Iraq: The Moral Dilemma Continues

A little over 10 years ago, on the eve of the Iraq war, I
wrote on the pages of the Fairfax Press that Iraq was the West’s moral dilemma
(see here).
I argued that the west had to choose between the least bad of bad options and
argued:

 “To say “continue with diplomacy” is to
say “continue with rape, murder and torture”. To say “it is not
our problem” is to say “continue with rape, murder and torture”.
To say “the US is a global imperialist that just wants to control the
oil” is to say “continue with rape, murder and torture”.
Anything except regime change is to say “continue with rape, murder and
torture”.

Ten years on and views on the Iraq war have hardened in many
people’s eyes. For most people the issue is black or white – right or wrong,
and there is very little grey in public discussion.
Iraq fills our TV screens with violence and mayhem. Last week’s
bombs in Baghdad reinforce the view that the security situation in Iraq is
terrible.  But allow me to put a refined
view.
I recently visited Iraq and have seen that far from being black
and white, Iraq today is as complicated as ever. It is still a moral dilemma and
does not lend itself to definitive statements that the war was either definitively
right, or definitively wrong.
Australian travellers like me are often asked by people in
other countries ‘what is the weather like in Australia?’ There is a wildly
different depending where in Australia you are. North is hot, South is cold.

Likewise asking ‘how is the security in Iraq?’ encourages an
equally broad range of answers, with many regions off limits for non-military
travellers. The world cannot even agree on how many innocent people died in the
war, with figures reaching from the ludicrously low to the ludicrously high.
For me the anti-war group ‘Iraqi Body Count’ seems to have
worked as hard as anyone to get as accurate data as possible and claim in the
range of 112,000-123,000 needless deaths in the decade long war and aftermath.
This is as good a starting point as any for understanding the cost of the war.
What about the cost of ‘no war’?
In the decade before the war Hussain was estimated by Human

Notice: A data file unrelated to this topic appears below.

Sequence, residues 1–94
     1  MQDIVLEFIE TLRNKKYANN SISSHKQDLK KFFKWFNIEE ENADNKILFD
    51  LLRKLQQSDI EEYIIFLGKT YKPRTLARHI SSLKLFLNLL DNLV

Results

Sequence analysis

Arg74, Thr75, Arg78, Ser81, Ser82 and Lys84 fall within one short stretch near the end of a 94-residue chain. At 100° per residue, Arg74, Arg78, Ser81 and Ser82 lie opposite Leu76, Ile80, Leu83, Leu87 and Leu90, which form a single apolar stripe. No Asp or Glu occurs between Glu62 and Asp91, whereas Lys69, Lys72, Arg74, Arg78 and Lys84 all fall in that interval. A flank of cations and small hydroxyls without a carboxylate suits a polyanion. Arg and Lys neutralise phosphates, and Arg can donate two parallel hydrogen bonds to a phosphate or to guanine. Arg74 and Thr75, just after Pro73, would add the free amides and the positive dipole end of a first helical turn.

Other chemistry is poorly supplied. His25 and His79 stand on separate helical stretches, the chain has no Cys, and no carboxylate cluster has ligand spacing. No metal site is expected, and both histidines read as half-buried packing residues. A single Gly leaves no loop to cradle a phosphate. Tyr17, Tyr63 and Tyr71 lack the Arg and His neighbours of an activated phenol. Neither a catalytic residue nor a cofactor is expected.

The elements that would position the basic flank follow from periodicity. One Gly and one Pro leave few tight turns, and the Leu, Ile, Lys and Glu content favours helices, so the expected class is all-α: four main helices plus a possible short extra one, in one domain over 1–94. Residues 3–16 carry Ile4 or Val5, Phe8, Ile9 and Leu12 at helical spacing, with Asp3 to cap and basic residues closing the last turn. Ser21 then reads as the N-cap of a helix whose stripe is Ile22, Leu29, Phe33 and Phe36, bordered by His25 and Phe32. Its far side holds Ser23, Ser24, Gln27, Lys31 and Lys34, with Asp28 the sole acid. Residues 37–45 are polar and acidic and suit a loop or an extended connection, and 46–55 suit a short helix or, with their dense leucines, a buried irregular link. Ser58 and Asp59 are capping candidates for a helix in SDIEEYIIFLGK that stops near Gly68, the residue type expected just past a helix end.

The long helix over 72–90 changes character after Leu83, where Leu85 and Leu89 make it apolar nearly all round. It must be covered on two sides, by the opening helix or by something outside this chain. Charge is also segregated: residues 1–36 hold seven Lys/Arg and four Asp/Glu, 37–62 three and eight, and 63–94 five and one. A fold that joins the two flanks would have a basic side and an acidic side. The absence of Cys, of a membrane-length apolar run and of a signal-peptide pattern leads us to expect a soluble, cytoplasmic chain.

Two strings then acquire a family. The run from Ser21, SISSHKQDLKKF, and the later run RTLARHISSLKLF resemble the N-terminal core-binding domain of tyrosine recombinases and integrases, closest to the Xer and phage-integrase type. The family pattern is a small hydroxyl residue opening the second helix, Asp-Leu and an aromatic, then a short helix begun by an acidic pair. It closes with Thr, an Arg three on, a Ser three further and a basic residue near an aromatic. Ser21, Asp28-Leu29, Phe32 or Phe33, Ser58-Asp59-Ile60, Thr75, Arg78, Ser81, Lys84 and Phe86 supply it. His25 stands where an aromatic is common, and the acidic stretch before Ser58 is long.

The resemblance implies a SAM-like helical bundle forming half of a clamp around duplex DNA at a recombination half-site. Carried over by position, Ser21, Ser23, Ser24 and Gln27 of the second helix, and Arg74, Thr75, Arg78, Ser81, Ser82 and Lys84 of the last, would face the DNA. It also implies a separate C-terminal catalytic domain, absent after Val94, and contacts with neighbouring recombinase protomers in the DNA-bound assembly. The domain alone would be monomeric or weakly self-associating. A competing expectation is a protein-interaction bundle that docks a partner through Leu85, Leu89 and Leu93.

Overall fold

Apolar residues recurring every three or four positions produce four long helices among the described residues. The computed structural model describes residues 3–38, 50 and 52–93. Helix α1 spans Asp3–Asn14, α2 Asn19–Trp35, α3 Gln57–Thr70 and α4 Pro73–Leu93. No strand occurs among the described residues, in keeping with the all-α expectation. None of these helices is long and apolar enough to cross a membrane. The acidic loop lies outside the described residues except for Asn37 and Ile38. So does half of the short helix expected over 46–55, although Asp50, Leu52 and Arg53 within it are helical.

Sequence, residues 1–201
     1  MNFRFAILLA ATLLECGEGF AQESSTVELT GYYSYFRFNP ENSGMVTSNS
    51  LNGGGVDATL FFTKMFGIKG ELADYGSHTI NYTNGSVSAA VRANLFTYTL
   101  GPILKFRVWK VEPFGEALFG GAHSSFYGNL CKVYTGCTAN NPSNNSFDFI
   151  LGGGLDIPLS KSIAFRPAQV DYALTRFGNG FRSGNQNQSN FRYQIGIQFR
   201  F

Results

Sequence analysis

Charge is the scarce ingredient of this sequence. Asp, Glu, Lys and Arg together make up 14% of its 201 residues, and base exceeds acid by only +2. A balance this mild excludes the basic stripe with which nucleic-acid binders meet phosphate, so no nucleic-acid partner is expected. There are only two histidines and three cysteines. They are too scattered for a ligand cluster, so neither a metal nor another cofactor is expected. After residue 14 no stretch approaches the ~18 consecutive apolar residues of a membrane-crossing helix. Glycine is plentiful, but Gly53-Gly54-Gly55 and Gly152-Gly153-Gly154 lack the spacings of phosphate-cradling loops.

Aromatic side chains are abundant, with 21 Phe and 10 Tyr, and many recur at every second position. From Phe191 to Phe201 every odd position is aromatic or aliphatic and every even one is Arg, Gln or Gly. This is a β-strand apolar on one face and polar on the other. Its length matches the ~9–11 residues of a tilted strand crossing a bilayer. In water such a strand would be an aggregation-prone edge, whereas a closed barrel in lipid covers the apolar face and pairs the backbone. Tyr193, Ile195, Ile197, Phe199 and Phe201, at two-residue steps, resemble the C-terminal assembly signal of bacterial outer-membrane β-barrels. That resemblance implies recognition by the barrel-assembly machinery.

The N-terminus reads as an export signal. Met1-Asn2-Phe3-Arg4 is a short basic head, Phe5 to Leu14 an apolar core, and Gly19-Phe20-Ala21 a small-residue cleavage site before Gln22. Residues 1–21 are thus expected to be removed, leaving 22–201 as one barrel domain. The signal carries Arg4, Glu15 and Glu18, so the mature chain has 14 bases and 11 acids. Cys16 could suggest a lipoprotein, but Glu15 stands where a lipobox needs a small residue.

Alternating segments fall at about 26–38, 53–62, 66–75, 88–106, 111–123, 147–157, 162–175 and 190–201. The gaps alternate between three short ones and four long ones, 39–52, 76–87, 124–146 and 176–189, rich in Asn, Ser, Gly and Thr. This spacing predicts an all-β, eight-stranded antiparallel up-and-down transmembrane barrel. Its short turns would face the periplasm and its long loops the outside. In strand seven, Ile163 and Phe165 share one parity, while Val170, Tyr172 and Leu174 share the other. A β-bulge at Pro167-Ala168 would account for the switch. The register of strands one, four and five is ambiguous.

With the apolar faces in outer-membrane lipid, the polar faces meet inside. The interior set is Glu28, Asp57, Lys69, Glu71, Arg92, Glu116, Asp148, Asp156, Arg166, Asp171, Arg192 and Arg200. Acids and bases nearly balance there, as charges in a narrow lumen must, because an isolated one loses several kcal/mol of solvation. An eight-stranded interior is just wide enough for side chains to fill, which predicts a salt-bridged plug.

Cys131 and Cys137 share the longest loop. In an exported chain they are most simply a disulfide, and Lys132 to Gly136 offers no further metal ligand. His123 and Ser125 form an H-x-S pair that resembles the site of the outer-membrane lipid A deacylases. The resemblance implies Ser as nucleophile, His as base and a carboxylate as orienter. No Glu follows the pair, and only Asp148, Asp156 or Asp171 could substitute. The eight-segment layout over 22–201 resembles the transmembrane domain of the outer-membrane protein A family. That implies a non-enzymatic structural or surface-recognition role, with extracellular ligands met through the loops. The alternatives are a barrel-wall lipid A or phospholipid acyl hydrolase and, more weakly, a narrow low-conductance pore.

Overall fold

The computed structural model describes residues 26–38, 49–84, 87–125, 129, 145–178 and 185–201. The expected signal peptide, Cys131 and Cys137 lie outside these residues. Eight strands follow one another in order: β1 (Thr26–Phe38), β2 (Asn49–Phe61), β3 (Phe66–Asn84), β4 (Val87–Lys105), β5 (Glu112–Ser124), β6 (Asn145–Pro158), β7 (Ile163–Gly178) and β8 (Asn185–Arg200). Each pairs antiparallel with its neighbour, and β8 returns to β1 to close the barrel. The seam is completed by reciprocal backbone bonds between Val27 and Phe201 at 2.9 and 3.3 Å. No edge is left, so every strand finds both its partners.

Rights Watch and Amnesty International to have killed somewhere between 500,000
and 1 million people.
Can one assume a radical change in Saddam’s approach if
there were no intervention and the consequent continuation of the Saddam
Regime? Can one assume that Saddam would magically have changes, or would it
have been a safer assumption to say his brutal regime would have continued?
Can one say that the cost of ‘no war’ would have been Saddam
killing at least 500,000 people?
That is one heck of a moral dilemma to set up where non-intervention
kills more innocent people than intervention.  
My recent visit though took me out of the world of
theoretical numbers and into the world of real people. While many parts of Iraq
are off limits to the non-military travel, there is one region of safety,
tranquillity and enormous interest. Iraqi Kurdistan.
Iraqi Kurdistan is a part of Iraq you can – and maybe should
– visit. For those who did not support the US led war, perhaps a quick tourism
visit to a safe region is a better contribution to the country, its people and
its economy than tax payers’ dollars than complaining about George Bush’s war?
What is more, most nationalities can obtain a visa on
arrival in Erbil after the short two and a half hour flight from Dubai. So visiting
Iraq on a two or three day stop over on Qantas’ new Kangaroo Route to Europe
via Dubai is quite possible.
That is a bizarre thought: A stop-over in Iraq on the way to
Europe? But is it really safe?
From Erbil, north of Baghdad (Kurdistan’s regional capital)
to the Turkish border, there is a region steeped in history, wonderful nature,
friendly people, economic growth and around a decade of peace and security.
In 1991 following Gulf War 1, Iraqi Kurds, who had been